The unfortunate reality is that, too often, the person in the uniform is the person who knows least about these subjects. Of course, the general public love The Salvation Army for the work we do in the community. Many Salvationists have known that feeling of slight embarrassment when they're thanked for work that they've taken no part in. I think it's time to rethink our position. What will it take to be able to genuinely take credit for the wonderful work of The Salvation Army? Are we ready for it?
Friday, June 29, 2012
For a number of reasons, over the past couple of weeks, The Salvation Army in Australia has come to be associated with the worst kind of homophobia in our media and in the LGBTQI community. I'm personally devastated by this association, as are many of my Salvo friends and colleagues.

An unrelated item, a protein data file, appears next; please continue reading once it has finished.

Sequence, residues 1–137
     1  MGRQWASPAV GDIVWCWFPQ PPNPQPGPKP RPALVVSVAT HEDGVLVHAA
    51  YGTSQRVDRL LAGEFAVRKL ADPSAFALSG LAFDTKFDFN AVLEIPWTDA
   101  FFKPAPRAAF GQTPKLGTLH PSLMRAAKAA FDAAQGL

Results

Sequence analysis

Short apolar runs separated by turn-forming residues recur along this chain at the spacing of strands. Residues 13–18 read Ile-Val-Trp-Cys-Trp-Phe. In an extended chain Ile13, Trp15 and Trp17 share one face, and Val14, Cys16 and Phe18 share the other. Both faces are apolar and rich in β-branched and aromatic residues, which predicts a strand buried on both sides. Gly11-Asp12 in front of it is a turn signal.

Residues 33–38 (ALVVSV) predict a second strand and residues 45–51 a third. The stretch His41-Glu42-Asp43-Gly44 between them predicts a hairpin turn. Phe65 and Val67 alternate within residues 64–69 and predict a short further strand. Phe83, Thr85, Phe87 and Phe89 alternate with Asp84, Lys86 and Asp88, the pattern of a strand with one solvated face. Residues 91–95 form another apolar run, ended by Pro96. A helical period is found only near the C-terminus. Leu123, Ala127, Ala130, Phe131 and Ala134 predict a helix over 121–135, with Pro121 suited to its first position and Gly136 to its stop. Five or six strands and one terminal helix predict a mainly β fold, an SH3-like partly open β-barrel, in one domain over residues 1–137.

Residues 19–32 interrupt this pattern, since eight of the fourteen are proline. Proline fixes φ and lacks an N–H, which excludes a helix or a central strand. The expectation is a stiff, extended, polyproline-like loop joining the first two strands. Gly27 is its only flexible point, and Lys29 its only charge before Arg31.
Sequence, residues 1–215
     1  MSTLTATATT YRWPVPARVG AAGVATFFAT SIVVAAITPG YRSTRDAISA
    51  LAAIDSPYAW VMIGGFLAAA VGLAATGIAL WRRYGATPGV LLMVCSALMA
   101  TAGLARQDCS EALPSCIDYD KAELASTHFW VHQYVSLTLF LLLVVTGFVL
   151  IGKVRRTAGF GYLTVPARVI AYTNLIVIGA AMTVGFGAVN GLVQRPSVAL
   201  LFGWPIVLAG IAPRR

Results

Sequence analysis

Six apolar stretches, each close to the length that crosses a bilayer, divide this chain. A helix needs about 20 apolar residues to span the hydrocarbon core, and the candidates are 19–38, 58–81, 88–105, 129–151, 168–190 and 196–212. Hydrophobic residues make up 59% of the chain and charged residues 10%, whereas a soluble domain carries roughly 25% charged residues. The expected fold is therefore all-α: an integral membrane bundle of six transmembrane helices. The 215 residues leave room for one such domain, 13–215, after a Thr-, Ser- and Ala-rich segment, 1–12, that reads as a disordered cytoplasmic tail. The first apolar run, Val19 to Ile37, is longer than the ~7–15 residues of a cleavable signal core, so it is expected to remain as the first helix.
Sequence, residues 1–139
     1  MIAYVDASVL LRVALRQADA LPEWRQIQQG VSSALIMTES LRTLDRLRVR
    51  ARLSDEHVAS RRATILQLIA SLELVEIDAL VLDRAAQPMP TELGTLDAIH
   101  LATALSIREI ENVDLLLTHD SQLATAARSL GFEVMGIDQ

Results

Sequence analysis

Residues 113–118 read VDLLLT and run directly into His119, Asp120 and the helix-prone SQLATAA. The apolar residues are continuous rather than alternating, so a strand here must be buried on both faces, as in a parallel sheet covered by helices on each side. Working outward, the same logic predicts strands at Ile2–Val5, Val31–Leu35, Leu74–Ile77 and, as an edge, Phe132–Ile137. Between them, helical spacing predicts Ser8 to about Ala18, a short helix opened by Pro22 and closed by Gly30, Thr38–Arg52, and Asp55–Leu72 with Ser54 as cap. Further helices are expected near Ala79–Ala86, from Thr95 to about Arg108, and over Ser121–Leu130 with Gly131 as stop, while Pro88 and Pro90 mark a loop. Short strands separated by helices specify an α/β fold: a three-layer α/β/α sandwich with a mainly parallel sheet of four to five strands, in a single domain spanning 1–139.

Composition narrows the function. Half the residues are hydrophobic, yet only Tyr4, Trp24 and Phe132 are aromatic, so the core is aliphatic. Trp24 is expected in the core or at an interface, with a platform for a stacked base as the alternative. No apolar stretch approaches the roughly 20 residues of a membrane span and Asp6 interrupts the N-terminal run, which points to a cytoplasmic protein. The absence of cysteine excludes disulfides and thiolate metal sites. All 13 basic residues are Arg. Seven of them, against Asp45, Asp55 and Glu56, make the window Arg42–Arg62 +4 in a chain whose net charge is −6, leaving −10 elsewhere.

There's a part of me that's naturally defensive. Certainly, there's been some irresponsible and inaccurate reporting going on. No doubt, the officer in the middle of the saga was unfairly targeted. I know, as well as anyone, that this characterisation doesn't reflect the wonderful, non-discriminatory work that goes on in hundreds of social programs right across this country - some of which is performed by gay and lesbian employees on behalf of The Salvation Army. But somehow, this doesn't satisfy the shame and sorrow that I'm feeling.